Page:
Nothing you've said here demonstrates any flaw in wintermute's logic, only that you've failed to grasp his point.
His point is that Mackey Rose's reasoning is tautological. That is, it's true by definition. If you judge a player's draft stock by where he's ultimately selected, then no player's draft stock could be significantly higher -- or lower -- than the number they're selected at.
We could apply this same reasoning to Perry Jones, III, and conclude that his stock was even lower than Plumlee's. After all, he was drafted after Plumlee. If teams were that high on him, he wouldn't have lasted until pick 28.
Mackey Rose's attempted point failed in another way...
Theoretically, any single-pick team, 1-25, could've had Plumlee as high as #2 on their big board (and two-pick teams, as high as #3, etc.), but as long as their top selection was available, would've passed on him.
For example, New Orleans' top three could've been Anthony Davis, Austin Rivers, and Miles Plumlee, but, since Davis and Rivers were still available when the Hornets were on the clock, they were the selections at #1 and #10. I don't believe this, obviously, but you get the point.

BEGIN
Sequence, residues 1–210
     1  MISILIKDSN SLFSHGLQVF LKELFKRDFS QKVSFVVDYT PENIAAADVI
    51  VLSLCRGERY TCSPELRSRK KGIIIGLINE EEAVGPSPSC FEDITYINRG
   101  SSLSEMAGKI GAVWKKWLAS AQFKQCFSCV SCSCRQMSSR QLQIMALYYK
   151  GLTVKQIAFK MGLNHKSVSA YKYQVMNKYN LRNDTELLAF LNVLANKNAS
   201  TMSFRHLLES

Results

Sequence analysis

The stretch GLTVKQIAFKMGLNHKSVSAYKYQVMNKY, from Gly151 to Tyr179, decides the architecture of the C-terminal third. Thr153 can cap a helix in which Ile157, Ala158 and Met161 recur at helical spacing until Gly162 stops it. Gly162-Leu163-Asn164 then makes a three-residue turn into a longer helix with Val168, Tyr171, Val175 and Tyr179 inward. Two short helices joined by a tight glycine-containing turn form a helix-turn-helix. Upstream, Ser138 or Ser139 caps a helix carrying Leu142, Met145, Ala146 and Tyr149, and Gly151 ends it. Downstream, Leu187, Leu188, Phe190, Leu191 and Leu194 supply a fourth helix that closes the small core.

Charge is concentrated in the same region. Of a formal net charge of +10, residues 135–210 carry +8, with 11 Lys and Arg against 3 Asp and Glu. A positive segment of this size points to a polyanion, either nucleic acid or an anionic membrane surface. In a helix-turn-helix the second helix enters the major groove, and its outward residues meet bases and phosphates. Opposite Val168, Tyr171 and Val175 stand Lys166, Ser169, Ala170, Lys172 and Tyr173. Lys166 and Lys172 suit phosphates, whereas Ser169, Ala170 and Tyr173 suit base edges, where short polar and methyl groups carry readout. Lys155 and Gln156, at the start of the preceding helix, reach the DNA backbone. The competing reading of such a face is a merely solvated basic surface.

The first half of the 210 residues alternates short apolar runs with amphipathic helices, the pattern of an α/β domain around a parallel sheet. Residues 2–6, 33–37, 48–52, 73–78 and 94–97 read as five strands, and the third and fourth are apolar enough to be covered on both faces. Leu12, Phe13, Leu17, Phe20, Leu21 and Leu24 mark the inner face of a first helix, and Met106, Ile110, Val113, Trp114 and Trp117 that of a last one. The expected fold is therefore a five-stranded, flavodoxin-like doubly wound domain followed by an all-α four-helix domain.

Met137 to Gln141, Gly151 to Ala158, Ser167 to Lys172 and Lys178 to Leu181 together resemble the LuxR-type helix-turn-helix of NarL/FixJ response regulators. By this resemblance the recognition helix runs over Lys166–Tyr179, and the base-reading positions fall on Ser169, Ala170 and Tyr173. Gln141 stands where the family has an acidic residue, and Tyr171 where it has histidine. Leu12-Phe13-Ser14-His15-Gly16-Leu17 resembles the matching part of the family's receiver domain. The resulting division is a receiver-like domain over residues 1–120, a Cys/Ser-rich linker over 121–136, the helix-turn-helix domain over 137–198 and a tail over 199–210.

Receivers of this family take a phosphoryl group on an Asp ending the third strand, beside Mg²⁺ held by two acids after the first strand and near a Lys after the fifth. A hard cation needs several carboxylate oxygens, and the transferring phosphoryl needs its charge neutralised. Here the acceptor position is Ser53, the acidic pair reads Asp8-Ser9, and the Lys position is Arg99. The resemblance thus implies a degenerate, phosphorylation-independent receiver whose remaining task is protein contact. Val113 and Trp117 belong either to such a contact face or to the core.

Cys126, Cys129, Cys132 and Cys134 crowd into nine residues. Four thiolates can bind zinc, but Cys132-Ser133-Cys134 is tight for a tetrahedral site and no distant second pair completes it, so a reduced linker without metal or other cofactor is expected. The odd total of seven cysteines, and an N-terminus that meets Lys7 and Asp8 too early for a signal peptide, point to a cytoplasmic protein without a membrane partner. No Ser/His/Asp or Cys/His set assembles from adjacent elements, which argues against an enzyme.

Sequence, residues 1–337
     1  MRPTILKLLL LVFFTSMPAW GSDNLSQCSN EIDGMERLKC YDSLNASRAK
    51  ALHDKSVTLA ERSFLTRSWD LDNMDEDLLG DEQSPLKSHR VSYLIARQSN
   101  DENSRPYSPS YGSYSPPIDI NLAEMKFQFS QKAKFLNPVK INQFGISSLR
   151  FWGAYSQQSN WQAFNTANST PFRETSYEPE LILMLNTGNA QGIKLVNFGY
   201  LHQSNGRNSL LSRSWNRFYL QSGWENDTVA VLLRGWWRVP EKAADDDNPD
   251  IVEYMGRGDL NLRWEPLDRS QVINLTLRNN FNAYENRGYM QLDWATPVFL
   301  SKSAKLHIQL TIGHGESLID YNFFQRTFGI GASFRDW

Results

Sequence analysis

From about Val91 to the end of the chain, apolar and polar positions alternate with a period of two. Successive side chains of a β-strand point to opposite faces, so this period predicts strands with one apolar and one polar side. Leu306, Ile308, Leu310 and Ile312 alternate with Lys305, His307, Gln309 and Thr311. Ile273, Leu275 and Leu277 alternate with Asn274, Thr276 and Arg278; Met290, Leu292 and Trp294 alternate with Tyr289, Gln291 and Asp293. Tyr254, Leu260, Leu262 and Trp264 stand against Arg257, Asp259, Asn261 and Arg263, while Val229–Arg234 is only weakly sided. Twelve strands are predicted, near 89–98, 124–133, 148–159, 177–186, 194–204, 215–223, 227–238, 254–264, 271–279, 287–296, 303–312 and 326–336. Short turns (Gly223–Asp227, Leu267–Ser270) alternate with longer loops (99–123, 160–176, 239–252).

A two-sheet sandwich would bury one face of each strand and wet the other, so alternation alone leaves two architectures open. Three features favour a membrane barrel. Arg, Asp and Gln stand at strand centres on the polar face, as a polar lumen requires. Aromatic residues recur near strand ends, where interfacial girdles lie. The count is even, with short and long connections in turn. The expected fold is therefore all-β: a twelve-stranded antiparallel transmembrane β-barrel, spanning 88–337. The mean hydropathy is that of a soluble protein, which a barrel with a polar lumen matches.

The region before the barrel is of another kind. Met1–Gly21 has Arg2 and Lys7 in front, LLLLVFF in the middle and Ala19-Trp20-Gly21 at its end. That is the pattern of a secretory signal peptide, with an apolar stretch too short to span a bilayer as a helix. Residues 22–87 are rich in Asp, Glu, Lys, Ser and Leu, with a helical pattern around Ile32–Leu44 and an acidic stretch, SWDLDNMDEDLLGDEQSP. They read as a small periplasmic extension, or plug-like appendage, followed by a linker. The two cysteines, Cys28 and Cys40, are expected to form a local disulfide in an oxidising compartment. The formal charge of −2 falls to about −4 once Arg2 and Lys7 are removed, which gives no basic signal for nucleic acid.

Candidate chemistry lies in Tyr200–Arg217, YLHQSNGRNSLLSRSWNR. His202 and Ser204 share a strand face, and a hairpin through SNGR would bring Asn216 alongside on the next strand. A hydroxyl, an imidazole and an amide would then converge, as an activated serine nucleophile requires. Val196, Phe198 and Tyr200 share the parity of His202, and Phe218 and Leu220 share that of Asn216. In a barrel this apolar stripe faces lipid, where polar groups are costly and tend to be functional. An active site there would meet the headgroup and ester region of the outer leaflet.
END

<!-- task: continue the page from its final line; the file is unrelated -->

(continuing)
Anyway, all of this is just rhetoric. All I know is that, according to many reports, Plumlee was so impressive in workouts that multiple teams picking as high as the early 20's were giving him serious consideration. Knowing this, I don't see how anyone can say the Pacers reached for him at #26. You may not like the pick personally, and certain mock drafts may have been misinformed, but the 20's to 30's is where his draft stock had risen to, apparently.